updated 9/6/2006 6:35:38 PM ET 2006-09-06T22:35:38

The Bush administration gave guarded support to several terrorist surveillance bills Wednesday as Congress took up the sensitive issue of how to give legal backing to the president’s warrantless wiretapping.

Steven Bradbury, acting assistant attorney general, told a House Judiciary subcommittee that legislation backed by the House GOP leadership showed promise and that the president had expressed support for a measure from Sen. Arlen Specter, the Senate Judiciary Committee chairman.

But Bradbury and the National Security Agency’s general counsel, Robert Deitz, also said the NSA’s wiretapping program was proper and necessary, and that tampering with it could jeopardize national security.

Republican leaders have made the legislation a top item before Congress leaves at the end of this month for the fall elections. But GOP lawmakers are divided on how best to put into law the program without trampling on personal rights. Meanwhile, Democratic opposition has made a quick resolution unlikely.

Wednesday’s hearing focused on the leading House bill, sponsored by Rep. Heather Wilson, R-N.M. It would streamline the 1978 law that set up a secret federal court to authorize security-related eavesdropping.

The measure would extend from the current three days to five days the time allowed for emergency surveillance before a warrant application is submitted and approved by that court.

4 bills may be weighed Thursday
On Thursday, the Senate Judiciary Committee planned to consider as many as four bills. One, by Specter, R-Pa., was developed after negotiations with the administration.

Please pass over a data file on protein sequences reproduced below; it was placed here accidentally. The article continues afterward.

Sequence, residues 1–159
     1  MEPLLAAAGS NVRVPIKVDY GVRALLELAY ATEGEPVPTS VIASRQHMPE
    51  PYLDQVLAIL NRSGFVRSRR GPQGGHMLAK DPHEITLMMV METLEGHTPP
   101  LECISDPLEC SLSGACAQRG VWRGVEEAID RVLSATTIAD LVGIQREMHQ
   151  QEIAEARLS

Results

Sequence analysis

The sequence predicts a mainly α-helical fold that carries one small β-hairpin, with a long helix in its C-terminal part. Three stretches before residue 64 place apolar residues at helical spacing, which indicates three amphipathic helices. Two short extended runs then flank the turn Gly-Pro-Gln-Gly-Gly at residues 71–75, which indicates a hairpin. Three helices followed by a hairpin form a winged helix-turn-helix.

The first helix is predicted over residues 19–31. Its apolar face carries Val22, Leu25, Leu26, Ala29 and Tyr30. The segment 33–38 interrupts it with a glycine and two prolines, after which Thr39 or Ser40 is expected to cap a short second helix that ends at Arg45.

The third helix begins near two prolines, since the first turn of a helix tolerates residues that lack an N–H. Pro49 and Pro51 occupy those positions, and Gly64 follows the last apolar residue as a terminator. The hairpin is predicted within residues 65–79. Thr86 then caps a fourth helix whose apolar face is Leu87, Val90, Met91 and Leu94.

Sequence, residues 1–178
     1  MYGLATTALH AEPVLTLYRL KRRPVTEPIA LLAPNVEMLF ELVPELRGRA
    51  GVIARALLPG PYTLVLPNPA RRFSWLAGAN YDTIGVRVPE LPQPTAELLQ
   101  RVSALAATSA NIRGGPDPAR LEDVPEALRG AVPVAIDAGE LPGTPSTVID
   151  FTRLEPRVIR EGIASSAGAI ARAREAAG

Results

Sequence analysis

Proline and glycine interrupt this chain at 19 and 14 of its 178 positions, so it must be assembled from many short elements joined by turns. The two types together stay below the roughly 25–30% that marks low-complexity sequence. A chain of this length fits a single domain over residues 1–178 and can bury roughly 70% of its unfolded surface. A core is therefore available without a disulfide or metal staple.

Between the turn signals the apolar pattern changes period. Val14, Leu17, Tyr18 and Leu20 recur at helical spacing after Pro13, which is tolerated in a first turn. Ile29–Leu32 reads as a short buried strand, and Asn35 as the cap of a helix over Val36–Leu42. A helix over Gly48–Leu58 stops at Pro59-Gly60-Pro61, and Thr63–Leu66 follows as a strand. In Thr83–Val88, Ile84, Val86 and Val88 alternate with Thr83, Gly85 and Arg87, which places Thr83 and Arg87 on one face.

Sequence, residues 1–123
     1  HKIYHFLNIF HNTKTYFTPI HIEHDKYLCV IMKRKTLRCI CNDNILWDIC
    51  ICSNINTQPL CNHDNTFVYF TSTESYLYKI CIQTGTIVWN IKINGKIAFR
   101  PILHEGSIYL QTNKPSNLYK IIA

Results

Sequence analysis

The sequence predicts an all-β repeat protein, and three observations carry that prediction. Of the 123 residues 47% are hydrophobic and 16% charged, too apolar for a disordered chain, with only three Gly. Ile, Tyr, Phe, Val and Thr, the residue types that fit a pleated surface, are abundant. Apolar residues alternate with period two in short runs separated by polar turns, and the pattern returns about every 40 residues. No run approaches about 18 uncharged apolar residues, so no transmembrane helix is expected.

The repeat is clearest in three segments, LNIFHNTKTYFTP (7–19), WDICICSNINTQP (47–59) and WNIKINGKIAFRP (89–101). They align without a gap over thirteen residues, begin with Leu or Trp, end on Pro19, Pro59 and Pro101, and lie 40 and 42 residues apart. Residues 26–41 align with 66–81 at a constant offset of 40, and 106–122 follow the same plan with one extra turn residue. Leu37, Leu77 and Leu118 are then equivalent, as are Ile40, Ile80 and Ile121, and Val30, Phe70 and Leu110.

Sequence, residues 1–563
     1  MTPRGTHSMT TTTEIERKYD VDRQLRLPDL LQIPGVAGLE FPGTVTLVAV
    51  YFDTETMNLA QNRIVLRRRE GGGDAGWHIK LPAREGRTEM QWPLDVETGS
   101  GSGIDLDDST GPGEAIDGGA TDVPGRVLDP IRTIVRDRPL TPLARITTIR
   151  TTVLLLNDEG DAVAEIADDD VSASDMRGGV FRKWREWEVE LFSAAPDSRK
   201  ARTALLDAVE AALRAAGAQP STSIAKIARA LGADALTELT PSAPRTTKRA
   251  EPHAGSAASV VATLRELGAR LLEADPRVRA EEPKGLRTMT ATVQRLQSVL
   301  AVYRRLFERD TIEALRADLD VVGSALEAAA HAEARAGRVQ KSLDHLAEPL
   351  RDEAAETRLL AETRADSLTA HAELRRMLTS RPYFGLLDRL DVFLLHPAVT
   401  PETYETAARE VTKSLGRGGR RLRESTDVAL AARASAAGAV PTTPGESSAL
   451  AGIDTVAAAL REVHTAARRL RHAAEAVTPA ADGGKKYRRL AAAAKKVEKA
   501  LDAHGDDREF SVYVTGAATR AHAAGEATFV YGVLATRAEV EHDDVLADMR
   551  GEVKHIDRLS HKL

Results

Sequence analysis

Bradbury said that “we see promise” in the Wilson bill because it recognizes that “in times of armed conflict involving an exigent terrorist threat, the president may need to act with agility and dispatch to protect the nation.”

But he took issue with a requirement in the bill that the president wait for an attack before initiating an electronic surveillance program. “The president cannot and should not wait for thousands of Americans to die before initiating vital intelligence collection,” Bradbury said.

The surveillance program, created after the Sept. 11 attacks, monitors the international calls and e-mails between people overseas who are suspected of involvement in terrorism and people on American soil. The program was disclosed in news reports last December.

Judge’s ruling raises urgency
The need for Congress to give legal status to the program gained a sense of urgency last month when a federal judge in Detroit ruled that it violated rights to free speech and privacy as well as constitutional separation of powers.

The administration has appealed that ruling contending that the president, as commander in chief, is justified in taking action to protect the nation during times of war.

Democrats say the administration is using terrorism to expand presidential powers and reduce the authority of the courts and Congress to oversee his actions. “We’re just cloaking the activity with a veil of legitimacy,” said Rep. Robert Scott, D-Va.

One Democratic alternative, sponsored by Rep. Jane Harman, D-Calif., the top Democrat on the intelligence committee, makes clear that surveillance must be conducted under the 1978 law but changes procedures to speed up the process.

Specter’s bill would submit the program to the special court for a one-time constitutional review; expand the time for emergency warrants from three to seven days; and require the attorney general to inform Congress’s intelligence committees on the program’s activities every six months.

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